"It is Momaya," replied the woman; "Momaya from the village of Mbonga,
"What do you want?"
"I want good medicine, better medicine than Mbonga's witch-doctor can
make," replied Momaya. "The great, white, jungle god has stolen my
Tibo, and I want medicine to bring him back, or to find where he is
hidden that I may go and get him."
"Who is Tibo?" asked Bukawai.
Momaya told him.
"Bukawai's medicine is very strong," said the voice. "Five goats and a
new sleeping mat are scarce enough in exchange for Bukawai's medicine."
"Two goats are enough," said Momaya, for the spirit of barter is strong
in the breasts of the blacks.
The pleasure of haggling over the price was a sufficiently potent lure
to draw Bukawai to the mouth of the cave. Momaya was sorry when she
saw him that he had not remained within. There are some things too
horrible, too hideous, too repulsive for description--Bukawai's face
was of these. When Momaya saw him she understood why it was that he
was almost inarticulate.
Beside him were two hyenas, which rumor had said were his only and
constant companions. They made an excellent trio--the most repulsive
of beasts with the most repulsive of humans.
"Five goats and a new sleeping mat," mumbled Bukawai.
"Two fat goats and a sleeping mat." Momaya raised her bid; but Bukawai
was obdurate. He stuck for the five goats and the sleeping mat for a
matter of half an hour, while the hyenas sniffed and growled and
laughed hideously. Momaya was determined to give all that Bukawai
asked if she could do no better, but haggling is second nature to black
barterers, and in the end it partly repaid her, for a compromise
finally was reached which included three fat goats, a new sleeping mat,
and a piece of copper wire.
"Come back tonight," said Bukawai, "when the moon is two hours in the
sky. Then will I make the strong medicine which shall bring Tibo back
to you. Bring with you the three fat goats, the new sleeping mat, and
the piece of copper wire the length of a large man's forearm."
"I cannot bring them," said Momaya. "You will have to come after them.
When you have restored Tibo to me, you shall have them all at the
village of Mbonga."
Bukawai shook his head.
"I will make no medicine," he said, "until I have the goats and the mat
and the copper wire."
Momaya pleaded and threatened, but all to no avail. Finally, she
turned away and started off through
But, handicapped by the struggling boy, he had not time to turn the key before the officer threw himself against the panels and burst out before the master of fence, closely followed by the Lady Maud.Page 16
"Whither, old hag?" he asked.Page 18
Thy face shall be wrapped in many rags, for thou hast a most grievous toothache.Page 23
will and so lightly, shouldst thou desire, that thy point, wholly under the control of a master hand, mayst be stopped before it inflicts so much as a scratch.Page 24
"Come, Sir Mortimer!".Page 44
"Come, you have not far to travel now, and if we make haste you shall sup with your friend before dark.Page 48
" Norman of Torn led in the laugh which followed, and of all the company he most enjoyed the joke.Page 71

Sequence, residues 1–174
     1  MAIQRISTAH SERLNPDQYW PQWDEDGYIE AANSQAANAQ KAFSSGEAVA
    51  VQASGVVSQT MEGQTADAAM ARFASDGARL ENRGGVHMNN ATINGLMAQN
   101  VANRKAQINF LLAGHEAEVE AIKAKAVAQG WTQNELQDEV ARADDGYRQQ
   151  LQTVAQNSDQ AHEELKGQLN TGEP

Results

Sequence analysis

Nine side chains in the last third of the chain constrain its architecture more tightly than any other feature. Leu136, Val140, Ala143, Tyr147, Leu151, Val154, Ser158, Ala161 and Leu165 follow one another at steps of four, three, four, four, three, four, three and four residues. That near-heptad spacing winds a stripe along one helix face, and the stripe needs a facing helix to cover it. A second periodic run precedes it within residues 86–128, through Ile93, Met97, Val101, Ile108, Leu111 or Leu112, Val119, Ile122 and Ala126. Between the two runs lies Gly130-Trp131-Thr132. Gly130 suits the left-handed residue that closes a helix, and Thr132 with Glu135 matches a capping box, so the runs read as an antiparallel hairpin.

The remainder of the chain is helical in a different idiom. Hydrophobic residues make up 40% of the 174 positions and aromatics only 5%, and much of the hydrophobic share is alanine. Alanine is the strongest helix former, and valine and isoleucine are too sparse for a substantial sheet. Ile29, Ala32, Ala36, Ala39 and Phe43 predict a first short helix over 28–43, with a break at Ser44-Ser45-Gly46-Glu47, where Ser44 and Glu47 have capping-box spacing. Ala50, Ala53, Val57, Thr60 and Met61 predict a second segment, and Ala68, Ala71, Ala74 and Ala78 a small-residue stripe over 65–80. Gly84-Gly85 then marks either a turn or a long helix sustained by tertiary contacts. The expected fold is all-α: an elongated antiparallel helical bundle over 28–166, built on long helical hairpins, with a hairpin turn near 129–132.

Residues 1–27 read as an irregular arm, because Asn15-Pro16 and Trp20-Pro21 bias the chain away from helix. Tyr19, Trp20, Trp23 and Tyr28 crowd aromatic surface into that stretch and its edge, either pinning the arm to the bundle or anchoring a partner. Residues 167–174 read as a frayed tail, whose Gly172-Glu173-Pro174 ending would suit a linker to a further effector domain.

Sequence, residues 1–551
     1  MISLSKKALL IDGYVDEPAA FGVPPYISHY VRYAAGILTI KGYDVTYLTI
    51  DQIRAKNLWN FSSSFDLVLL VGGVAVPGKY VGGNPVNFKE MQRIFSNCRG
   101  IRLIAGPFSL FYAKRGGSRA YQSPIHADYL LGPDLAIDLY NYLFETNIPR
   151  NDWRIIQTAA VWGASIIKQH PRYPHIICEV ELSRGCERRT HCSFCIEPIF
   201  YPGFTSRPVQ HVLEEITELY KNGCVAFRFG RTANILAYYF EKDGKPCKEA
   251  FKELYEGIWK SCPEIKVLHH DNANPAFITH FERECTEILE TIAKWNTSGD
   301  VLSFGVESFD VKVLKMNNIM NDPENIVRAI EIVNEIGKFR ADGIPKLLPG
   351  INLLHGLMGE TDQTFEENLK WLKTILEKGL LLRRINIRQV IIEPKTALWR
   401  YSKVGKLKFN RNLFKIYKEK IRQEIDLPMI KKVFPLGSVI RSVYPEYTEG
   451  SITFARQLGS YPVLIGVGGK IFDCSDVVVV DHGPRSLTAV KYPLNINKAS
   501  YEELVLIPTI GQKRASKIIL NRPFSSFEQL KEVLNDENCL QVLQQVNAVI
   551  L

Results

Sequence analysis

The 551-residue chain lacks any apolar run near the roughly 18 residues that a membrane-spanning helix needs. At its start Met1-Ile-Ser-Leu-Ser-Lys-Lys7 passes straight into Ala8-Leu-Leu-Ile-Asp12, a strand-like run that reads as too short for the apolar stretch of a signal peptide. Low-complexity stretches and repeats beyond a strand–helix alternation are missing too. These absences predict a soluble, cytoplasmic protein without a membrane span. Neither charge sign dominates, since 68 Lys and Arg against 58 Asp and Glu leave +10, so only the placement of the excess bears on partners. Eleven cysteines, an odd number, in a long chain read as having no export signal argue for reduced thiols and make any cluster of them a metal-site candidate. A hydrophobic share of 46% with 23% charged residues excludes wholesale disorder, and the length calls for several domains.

The girl's heart sank, and a feeling of cold fear crept through her.Page 87
The only ray of brilliant and warming sunshine that had entered it had been his love for Bertrade de Montfort and hers for him.Page 92
so I will grant you at least one favor.Page 95
The two men were upon each other, and fighting to the death, before the girl had regained her feet.Page 102
Nor did she urge him to remain, as he raised her hand to his lips in farewell.Page 107
Two days later, Norman of Torn directed Red Shandy to lead the forces of Torn from their Essex camp back to Derby.Page 110
And, as the officer hurried from the castle and, with his men at his back, galloped furiously away toward the west, the girl sank down upon a bench, pressing her little hands to her throbbing temples.Page 123
So vicious was his onslaught that the poorly armed and unprotected burghers, unused to the stern game of war, fell like sheep before the iron men on their iron shod horses.Page 137
The anger of an outraged confidence, gratitude for the chivalry which twice had saved her honor, hatred for the murderer of a hundred friends and kinsmen, respect and honor for the marvellous courage of the man, loathing and contempt for the base born, the memory of that exalted moment when those handsome lips had clung to hers, pride in the fearlessness of a champion who dared come alone among twenty thousand enemies for the sake of a promise made her; but stronger than all the rest, two stood out before her mind's eye like living.Page 138
For in her eyes was that wondrous light he had seen there on that other day in the far castle of Leicester.Page 140
revenge! I have waited long, thou cur of a King, to return the blow thou struck that day, but the return shall be an hundred-fold increased by long accumulated interest.Page 141
At the far side, the group of royal and noble women stood huddled together, while behind De Montfort and the King pushed twenty gentlemen and as many men-at-arms.Page 147
It was all a sore perplexity to him; he could not fathom it, nor did he attempt to.